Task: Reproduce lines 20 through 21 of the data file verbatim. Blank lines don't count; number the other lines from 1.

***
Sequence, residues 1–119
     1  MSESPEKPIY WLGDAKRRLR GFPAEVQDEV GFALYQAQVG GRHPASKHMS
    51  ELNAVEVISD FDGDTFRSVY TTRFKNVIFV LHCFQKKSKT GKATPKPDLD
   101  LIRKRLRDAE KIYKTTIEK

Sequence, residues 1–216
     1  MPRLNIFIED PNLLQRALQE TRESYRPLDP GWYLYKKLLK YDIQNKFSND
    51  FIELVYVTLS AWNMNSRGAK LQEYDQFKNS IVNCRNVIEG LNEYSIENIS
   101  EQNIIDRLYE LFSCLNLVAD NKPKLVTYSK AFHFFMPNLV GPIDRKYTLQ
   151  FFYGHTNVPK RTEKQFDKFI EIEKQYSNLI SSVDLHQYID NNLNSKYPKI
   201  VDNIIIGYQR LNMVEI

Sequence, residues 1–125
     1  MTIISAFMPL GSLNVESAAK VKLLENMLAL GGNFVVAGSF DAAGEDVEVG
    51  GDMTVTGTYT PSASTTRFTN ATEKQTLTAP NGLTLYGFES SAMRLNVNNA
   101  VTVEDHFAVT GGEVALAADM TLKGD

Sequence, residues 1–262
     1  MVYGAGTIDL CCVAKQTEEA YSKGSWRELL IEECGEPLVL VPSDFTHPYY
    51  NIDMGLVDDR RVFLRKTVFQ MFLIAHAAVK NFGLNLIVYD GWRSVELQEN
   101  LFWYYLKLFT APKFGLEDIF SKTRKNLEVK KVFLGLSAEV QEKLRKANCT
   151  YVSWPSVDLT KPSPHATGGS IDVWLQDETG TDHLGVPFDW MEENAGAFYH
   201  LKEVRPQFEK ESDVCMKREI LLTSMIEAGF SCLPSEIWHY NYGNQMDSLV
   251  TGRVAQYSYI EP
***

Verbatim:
   201  LKEVRPQFEK ESDVCMKREI LLTSMIEAGF SCLPSEIWHY NYGNQMDSLV
   251  TGRVAQYSYI EP